So if you don’t have time to read, maybe you should leave the car at home few days in a month.
  1. Your thoughts can derail perspective
One of the new things that people began to find out in the last century was that thoughts-just mere thoughts-are as powerful as electric batteries-as good for one as sunlight is, or as bad for one as poison. To let a sad thought or a bad one get into your mind is as dangerous as letting a scarlet fever germ get into your body,,, If you let it stay there after it has got in you may never get over it as long as you live.
As long as Mistress Mary’s mind was full of disagreeable thoughts about her dislikes and sour opinions of people and her determination not to be pleased by or interested in anything, she was a yellow-faced, sickly, bored and wretched child..but when her mind gradually filled itself with robins, a moor boy and his creatures, springtime,,,they was no room left for her disagreeable thoughts which affected her liver and her digestion and made her yellow and tired.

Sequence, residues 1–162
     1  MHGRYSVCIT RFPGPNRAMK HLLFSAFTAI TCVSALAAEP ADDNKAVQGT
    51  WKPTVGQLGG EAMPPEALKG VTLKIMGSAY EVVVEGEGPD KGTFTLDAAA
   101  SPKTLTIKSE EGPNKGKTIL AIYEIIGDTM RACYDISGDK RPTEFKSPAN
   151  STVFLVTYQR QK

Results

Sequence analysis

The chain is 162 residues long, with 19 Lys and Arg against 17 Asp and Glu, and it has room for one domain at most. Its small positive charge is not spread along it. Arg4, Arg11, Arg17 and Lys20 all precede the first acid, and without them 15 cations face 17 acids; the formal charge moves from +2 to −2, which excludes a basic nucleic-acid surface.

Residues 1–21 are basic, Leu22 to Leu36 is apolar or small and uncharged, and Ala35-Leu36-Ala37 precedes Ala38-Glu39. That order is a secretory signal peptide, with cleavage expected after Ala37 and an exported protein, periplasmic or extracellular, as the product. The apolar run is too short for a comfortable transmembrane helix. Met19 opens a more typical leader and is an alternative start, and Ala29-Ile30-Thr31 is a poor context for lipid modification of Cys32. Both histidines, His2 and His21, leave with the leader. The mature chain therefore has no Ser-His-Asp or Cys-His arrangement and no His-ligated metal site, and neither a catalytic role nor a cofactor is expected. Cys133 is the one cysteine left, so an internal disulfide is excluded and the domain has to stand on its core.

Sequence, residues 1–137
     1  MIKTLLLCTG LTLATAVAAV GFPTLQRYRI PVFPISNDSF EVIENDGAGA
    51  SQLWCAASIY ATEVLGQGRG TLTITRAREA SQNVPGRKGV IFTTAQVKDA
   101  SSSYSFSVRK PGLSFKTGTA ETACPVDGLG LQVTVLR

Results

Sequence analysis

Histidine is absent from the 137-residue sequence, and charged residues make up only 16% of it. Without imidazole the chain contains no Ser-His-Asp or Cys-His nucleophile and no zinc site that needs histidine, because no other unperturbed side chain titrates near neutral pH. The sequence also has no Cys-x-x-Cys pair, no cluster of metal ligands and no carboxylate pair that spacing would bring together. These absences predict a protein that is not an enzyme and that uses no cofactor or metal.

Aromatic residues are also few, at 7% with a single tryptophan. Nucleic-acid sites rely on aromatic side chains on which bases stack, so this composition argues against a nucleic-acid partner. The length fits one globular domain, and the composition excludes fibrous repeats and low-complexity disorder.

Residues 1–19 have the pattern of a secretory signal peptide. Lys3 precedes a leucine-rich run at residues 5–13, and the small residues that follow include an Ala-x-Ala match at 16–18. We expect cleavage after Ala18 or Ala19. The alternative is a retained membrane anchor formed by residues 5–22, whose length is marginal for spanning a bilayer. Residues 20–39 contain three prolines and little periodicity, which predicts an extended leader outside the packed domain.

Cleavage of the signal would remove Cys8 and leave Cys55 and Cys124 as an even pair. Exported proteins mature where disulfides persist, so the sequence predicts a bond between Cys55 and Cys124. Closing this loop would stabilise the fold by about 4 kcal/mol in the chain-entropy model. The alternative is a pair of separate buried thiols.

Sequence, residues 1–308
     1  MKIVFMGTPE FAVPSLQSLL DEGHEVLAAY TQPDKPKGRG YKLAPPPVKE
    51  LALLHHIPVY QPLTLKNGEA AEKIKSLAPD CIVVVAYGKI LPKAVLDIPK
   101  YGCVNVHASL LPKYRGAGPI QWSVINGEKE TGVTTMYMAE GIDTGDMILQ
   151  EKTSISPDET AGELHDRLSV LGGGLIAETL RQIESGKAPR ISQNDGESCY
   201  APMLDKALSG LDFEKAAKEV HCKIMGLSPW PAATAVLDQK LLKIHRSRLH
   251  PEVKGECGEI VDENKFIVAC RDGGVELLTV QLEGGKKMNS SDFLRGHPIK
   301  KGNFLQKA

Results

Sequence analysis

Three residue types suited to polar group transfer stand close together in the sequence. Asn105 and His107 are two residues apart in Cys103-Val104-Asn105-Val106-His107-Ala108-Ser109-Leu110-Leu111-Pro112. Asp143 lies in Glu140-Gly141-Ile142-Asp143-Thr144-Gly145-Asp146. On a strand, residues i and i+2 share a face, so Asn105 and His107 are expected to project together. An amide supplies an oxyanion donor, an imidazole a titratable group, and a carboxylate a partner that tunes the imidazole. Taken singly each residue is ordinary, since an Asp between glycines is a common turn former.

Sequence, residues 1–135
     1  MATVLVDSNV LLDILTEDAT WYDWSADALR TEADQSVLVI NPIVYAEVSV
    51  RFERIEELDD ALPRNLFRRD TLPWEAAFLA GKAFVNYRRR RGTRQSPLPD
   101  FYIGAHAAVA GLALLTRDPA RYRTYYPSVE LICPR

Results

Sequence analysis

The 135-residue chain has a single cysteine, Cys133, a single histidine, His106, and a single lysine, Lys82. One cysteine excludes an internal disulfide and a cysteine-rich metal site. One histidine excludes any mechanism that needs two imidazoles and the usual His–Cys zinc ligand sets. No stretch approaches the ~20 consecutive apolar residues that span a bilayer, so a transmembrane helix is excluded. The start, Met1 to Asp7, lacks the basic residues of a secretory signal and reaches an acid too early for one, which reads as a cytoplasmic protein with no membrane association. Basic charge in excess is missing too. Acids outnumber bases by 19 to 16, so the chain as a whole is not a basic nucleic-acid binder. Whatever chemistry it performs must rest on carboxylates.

Frances Hodgson Burnett, The secret Garden. 1911.

  1. On Possessions
Everything should exist in the right place, in the right way. Store each thing carefully, giving attention to the fact that there are differences between caring for something by putting it in a safe place and hoarding it or imprisoning it. Storing items poorly or forgetting about them is no different from abandonment. Even if something is being put away for a great length of time, visit from time to time, remembering how it came to you, reminding yourself of its value, and checking on its condition. Make periodic inventories of any new possessions you’ve acquired. Lay them out and look at them. Don’t be afraid to acknowledge mistakes you may have made in selecting them. Above all, don’t ignore what you have.